Plating is an expression of a chef's particular idea to present the dish in a manner that enhances the overall experience of eating and brings out the natural flavors. The fact that the dish is intended to be eaten, or that the food by its very nature is perishable, does not mean that its presentation isn't fixated. The presentation of a dish which is an original art work oozed out of the chef's intellect and which can be exactly re-created, can be said to be fixated. Hence, in case a question arises as to the copyright ability of a presentation of food, the court can find the presentation of food to be 'original work of authorship' and to be 'fixed in a tangible medium', and thus, copyright can be bestowed on the same.


Another burning topic of discussion in the gastronomical kingdom is the contemporary practice of food photography. Social media websites are filled with photographs of food clicked by both professionals and amateurs. It must be noted that clicking photograph of a delicacy whose presentation embraces the chef's/restaurant's copyright may be argued to be an act of infringement as the same may be said to constitute reproduction of a three dimensional work in two dimensional form or storing of the work by electronic means [Section 14(c)(i)(A) and (B)of the Act].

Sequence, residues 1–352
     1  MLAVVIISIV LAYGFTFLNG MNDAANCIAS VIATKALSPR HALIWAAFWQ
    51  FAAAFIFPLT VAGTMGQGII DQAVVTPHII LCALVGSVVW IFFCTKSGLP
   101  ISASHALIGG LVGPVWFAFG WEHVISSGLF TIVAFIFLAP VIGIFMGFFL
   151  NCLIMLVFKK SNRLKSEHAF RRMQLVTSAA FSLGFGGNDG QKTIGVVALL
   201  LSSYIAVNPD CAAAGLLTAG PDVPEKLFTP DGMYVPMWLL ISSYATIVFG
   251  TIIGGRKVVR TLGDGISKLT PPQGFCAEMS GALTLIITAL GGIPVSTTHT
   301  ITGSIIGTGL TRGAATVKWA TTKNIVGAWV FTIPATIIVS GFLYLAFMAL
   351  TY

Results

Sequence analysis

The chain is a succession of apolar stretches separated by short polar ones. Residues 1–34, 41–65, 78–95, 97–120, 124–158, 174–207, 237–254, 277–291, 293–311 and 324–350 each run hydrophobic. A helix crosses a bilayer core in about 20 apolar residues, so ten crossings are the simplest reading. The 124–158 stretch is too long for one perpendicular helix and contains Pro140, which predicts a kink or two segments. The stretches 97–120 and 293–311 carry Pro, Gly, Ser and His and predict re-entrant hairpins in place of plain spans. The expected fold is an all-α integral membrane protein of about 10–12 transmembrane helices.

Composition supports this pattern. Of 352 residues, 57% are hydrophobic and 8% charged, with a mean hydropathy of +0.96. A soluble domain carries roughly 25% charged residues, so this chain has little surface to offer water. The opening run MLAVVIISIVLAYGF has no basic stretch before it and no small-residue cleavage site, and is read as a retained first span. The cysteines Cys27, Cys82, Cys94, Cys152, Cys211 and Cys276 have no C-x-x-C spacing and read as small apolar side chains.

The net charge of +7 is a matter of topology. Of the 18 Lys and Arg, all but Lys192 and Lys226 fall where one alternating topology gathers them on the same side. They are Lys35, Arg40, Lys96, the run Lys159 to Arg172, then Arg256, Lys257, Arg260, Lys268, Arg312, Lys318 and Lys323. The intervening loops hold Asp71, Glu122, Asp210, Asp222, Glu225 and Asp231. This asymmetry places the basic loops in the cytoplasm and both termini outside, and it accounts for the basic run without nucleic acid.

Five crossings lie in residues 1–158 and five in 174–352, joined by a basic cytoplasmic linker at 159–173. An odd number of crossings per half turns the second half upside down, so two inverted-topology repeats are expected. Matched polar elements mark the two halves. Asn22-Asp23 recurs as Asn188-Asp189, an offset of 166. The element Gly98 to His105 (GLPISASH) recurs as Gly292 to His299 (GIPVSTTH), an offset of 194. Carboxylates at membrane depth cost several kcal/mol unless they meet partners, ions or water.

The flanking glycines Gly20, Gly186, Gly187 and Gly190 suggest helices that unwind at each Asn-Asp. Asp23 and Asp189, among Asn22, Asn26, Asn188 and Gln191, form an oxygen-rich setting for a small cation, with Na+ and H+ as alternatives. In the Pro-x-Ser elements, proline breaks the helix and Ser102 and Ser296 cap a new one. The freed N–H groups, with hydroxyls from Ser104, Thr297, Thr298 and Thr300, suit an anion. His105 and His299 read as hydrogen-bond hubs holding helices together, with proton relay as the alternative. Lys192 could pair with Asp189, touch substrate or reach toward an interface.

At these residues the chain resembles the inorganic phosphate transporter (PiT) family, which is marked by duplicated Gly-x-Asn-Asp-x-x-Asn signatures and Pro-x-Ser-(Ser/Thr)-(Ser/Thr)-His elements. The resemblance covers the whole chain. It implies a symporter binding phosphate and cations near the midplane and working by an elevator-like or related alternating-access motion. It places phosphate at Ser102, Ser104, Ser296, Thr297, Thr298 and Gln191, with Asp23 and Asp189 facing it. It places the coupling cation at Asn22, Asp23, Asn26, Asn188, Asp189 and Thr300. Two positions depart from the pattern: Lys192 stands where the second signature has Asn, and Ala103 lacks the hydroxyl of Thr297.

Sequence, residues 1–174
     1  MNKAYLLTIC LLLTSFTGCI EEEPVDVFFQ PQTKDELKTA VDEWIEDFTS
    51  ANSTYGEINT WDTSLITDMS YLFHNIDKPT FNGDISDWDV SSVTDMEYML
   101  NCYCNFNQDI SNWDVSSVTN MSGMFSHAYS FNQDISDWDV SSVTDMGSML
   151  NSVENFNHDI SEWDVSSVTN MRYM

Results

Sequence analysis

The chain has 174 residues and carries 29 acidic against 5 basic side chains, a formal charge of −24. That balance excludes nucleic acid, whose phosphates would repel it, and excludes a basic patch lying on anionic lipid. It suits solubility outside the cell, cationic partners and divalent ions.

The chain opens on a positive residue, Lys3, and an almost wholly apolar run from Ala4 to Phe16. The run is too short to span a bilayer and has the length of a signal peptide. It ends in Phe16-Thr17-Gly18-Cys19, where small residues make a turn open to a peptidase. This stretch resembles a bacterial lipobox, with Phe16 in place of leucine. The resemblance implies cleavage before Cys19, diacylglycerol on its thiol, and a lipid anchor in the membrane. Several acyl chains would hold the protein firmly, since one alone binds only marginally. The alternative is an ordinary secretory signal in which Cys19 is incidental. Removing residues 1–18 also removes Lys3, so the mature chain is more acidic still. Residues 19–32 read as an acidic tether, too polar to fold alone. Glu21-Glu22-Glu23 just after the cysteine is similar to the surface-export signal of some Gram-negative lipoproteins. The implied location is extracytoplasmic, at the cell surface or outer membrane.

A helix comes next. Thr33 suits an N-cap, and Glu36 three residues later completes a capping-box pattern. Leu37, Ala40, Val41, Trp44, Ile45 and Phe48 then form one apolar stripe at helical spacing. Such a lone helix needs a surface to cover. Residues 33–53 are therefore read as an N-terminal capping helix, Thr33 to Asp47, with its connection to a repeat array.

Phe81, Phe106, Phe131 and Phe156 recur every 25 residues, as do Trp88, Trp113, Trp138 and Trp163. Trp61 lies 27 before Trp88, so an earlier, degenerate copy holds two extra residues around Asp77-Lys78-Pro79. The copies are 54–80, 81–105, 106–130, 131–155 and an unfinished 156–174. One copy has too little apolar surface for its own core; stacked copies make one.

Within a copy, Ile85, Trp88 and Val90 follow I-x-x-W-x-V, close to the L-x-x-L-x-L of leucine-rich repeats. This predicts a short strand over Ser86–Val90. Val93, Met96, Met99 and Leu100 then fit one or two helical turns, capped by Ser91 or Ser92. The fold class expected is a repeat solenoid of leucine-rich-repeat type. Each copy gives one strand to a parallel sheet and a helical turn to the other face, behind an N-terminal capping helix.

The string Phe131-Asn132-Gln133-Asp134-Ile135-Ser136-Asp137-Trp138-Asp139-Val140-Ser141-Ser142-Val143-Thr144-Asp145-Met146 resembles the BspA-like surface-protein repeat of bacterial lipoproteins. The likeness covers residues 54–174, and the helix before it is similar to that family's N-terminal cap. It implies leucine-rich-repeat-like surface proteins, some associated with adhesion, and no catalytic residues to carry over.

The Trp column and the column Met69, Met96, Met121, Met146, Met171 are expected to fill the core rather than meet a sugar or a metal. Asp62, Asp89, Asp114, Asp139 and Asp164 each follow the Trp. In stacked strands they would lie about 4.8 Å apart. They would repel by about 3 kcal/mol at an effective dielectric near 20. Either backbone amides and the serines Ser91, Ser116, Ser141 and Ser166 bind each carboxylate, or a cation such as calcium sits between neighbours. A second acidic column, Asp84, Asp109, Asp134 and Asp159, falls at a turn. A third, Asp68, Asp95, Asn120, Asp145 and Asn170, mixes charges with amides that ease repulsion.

The Trade Marks Law

A trade mark performs the function of distinguishing the products of one person from those of another, thereby creating identification for the source of products. With the surfacing of increased competition in the culinary market, it becomes necessary for chefs and restaurant owners to create identification and recall for their gastronomic delicacies among the consumers. A diner's/consumer's experience in respect of any food product is a harmonious melody played by the instruments of flavor, presentation and ambience wherein the rhythms generated by each individual component hold their respective importance. An arresting presentation plays a significant role in making a delicacy look appetizing and attracts consumers. If successful, the sublimity of the food presentations may create a recall effect in the minds of the consumers and they shall start identifying an offbeat presentation style with a particular chef or restaurant.